3rd January, 2012
Many readers would be aware that Smithink 2020 recently conducted the inaugural Leaders and Laggards Technology Survey of accounting firms. One interesting finding was the number of firms that had a presence on social networking sites. 37% of firms surveyed had a Facebook page, 26% participated in Twitter and 56% had a LinkedIn profile. 53% of firms did not block access to Facebook.
At our recent ATSA 2011 (Accountants Technology Showcase Australia) Conference in Melbourne I was surprised by the number of participants who were carrying iPads. During the event hundreds of tweets were submitted to Twitter.
All of this shows that accountants are starting to embrace social media. Having now embraced it the question now is what to do with it. One aspect of social media is to reveal your knowledge. LinkedIn in particular has various forums on business and tax issues. Participating in these forums is a good way to highlight your knowledge and skills. Often questions are being asked. Responding to these questions again shows your knowledge but also that you are willing to help others.
One aspect of social networking is to highlight articles that me be of interest to others. Tweeting links to interesting articles you have found can again be a help to others and show your understanding of the role of social networking.
Overt marketing is not what it is about. It is about connecting and helping. That’s not to say that you shouldn’t highlight something special your firm is doing and create links to your website. Social media can be an effective way to driving traffic to your website.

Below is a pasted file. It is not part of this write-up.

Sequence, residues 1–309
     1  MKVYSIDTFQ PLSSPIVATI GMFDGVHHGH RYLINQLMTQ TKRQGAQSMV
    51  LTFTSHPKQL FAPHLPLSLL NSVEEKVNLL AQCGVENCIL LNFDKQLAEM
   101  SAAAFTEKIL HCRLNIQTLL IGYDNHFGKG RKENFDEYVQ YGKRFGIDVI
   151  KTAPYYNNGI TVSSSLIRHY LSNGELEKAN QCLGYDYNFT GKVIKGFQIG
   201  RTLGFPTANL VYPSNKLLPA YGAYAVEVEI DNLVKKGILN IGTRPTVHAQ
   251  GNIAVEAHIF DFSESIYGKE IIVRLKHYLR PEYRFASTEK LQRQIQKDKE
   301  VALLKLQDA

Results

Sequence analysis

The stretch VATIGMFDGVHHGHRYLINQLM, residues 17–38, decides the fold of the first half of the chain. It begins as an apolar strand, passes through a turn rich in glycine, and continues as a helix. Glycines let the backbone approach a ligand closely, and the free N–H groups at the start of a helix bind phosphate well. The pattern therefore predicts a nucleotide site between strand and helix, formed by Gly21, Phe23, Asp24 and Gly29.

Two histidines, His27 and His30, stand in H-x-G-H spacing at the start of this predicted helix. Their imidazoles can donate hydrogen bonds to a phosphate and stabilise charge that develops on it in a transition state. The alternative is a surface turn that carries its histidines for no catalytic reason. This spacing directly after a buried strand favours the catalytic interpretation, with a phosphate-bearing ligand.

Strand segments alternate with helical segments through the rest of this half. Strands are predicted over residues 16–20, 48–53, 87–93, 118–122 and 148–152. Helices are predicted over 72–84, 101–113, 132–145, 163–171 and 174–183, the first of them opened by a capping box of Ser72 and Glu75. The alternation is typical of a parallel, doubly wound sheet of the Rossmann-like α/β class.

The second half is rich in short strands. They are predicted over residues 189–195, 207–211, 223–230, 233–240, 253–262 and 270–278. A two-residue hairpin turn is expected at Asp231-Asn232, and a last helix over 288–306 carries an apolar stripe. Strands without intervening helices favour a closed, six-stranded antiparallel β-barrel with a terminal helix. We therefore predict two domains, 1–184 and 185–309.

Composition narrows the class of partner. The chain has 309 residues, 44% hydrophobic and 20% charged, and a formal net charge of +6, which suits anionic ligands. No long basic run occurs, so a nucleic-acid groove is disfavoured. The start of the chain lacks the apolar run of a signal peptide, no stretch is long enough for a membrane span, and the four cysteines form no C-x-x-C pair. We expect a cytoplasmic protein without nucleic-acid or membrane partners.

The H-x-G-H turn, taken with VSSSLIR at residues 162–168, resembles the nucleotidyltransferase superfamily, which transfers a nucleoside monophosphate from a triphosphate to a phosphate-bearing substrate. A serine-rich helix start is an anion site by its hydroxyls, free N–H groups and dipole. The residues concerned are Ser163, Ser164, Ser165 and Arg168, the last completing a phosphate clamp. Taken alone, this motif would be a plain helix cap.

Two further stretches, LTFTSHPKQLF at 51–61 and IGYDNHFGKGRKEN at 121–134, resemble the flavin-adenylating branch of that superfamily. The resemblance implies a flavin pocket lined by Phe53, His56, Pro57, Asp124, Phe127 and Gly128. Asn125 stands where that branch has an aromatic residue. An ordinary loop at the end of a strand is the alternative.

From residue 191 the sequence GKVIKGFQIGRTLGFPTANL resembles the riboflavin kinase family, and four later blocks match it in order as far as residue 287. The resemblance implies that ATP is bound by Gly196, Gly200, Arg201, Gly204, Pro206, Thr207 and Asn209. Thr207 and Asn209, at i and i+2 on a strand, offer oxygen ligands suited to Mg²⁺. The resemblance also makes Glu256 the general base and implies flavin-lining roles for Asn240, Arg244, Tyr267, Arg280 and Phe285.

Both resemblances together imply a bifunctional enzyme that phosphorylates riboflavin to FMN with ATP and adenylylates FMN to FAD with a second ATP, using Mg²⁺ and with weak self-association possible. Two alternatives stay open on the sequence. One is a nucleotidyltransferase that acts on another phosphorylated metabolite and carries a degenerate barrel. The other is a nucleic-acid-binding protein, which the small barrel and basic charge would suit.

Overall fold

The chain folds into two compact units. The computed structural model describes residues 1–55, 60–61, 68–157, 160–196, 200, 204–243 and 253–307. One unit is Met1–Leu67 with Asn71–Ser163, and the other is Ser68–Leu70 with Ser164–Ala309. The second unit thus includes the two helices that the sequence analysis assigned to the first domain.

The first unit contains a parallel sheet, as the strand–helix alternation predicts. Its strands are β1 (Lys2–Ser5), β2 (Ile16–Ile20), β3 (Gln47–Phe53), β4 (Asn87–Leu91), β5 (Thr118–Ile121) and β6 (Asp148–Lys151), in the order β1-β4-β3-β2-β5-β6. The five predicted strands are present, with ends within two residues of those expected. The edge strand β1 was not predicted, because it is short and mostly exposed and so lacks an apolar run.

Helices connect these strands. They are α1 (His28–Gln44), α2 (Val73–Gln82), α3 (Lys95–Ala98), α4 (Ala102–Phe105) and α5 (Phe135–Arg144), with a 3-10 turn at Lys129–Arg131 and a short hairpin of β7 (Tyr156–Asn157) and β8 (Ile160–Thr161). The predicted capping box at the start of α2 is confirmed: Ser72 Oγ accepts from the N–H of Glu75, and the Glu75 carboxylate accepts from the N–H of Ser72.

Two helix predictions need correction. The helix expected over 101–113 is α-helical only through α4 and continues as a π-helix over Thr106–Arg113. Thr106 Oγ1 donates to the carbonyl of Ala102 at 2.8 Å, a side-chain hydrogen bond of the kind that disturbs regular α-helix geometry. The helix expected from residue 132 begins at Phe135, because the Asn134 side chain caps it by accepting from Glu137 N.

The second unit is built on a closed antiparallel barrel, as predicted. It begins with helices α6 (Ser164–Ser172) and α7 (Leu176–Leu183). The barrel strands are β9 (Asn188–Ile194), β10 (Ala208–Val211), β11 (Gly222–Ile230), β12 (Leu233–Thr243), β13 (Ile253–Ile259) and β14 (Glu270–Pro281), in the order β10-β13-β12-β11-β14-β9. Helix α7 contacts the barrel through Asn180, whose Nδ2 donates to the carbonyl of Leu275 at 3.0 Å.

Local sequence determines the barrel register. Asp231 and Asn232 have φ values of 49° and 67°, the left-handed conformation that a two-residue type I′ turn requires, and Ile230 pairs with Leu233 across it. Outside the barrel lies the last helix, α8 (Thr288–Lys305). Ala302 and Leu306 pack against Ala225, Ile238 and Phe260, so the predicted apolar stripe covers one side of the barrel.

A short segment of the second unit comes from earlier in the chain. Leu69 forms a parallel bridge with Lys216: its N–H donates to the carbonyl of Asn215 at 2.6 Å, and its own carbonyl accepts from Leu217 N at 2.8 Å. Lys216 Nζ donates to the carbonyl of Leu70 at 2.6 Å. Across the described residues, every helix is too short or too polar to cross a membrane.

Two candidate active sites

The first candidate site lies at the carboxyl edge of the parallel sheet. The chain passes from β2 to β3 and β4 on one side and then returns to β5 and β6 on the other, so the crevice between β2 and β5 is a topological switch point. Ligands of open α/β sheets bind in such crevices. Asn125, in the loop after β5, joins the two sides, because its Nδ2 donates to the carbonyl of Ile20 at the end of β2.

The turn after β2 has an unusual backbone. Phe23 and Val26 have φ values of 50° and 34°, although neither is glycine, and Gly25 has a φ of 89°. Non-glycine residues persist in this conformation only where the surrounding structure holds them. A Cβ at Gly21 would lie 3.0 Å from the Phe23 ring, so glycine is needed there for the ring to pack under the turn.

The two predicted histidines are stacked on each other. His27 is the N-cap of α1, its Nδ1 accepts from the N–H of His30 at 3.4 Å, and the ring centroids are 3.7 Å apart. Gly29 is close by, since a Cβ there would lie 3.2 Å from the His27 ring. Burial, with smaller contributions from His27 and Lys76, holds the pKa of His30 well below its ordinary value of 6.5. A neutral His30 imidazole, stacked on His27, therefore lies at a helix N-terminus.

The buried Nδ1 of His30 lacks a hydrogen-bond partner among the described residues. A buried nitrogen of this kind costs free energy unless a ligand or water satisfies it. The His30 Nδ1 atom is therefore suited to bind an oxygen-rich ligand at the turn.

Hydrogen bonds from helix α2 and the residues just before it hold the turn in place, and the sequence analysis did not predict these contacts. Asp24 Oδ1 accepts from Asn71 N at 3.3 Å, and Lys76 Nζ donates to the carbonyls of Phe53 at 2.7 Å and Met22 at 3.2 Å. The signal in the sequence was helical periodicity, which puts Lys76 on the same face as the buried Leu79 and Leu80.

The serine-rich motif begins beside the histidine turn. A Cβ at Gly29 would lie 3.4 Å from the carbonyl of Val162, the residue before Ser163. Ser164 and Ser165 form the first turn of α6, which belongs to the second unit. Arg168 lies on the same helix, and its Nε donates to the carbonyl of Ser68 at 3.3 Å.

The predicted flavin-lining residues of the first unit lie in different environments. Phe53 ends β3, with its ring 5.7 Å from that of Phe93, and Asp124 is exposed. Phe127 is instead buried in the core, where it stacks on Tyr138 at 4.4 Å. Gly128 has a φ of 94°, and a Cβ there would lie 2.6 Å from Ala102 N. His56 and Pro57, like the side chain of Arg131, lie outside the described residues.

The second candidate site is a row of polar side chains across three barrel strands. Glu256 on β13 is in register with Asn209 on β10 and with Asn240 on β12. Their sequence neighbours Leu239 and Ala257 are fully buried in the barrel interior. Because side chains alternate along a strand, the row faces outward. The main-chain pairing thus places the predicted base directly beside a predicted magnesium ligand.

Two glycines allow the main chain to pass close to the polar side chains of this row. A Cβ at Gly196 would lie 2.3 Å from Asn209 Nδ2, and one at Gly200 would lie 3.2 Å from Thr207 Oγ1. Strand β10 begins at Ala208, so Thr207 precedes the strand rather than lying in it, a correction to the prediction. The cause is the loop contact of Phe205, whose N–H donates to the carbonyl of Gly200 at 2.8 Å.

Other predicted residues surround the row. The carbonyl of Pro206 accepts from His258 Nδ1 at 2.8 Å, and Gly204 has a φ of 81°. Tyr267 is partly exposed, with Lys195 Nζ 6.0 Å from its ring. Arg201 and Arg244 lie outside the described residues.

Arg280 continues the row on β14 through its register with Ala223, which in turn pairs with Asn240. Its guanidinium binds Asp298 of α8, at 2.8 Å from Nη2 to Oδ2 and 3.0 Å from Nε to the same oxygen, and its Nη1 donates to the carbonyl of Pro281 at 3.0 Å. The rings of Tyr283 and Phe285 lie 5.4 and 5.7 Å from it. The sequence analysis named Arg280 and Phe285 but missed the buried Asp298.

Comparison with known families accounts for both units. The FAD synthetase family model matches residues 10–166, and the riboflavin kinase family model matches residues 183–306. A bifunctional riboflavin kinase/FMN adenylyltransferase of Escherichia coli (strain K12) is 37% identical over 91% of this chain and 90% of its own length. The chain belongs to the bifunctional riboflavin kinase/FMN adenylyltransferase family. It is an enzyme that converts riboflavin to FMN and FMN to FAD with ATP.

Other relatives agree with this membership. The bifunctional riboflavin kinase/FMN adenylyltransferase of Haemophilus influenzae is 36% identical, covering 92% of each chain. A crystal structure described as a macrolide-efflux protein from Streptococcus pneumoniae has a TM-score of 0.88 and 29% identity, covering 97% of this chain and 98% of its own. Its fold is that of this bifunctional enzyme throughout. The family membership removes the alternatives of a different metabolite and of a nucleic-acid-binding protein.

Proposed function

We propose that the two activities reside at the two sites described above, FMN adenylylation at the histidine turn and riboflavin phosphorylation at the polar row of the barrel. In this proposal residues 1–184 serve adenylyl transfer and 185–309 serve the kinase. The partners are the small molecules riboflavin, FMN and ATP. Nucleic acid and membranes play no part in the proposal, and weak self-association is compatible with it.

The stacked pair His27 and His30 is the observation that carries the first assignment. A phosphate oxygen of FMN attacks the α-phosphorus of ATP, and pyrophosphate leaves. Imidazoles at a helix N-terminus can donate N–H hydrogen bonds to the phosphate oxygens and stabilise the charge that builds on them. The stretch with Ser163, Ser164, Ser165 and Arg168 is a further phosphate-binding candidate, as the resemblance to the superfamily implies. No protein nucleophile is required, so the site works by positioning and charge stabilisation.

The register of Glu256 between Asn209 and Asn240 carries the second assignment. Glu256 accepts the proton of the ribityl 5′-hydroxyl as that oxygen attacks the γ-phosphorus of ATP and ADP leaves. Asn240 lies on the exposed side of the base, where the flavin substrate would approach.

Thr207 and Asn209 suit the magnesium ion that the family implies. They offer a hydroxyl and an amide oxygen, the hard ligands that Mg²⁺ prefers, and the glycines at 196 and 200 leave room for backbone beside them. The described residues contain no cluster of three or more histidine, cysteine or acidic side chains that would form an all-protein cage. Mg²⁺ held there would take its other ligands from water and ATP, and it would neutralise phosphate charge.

Research shows that social media can also heavily influence people’s buying decisions. It is prudent to search social networking sites to look for references to your firm and respond where appropriate. Some firms are searching social networking sites for information on job applicants.
All this indicates that every firm needs a social networking strategy and a social networking policy. A social networking strategy articulates the firm’s plan to embrace social networking and to leverage it for the firm’s benefit. The social networking policy clearly articulates to the team what is allowed and not allowed when people are referring to the firm on social networking sites.
As the next generation enters the workforce it is critical that firms have a plan in place. These people, being the drivers of social networking, should contribute to the plan and assist the firm in ongoing innovation to maximise the potential of this important new media.